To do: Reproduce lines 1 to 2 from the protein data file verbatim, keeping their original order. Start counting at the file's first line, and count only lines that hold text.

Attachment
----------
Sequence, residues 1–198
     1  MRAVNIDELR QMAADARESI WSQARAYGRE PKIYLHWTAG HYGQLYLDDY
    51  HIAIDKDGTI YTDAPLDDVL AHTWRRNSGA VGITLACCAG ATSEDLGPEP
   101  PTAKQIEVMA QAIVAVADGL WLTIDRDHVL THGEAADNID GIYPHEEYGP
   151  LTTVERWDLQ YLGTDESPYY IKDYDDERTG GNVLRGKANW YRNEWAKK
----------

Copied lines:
Sequence, residues 1–198
     1  MRAVNIDELR QMAADARESI WSQARAYGRE PKIYLHWTAG HYGQLYLDDY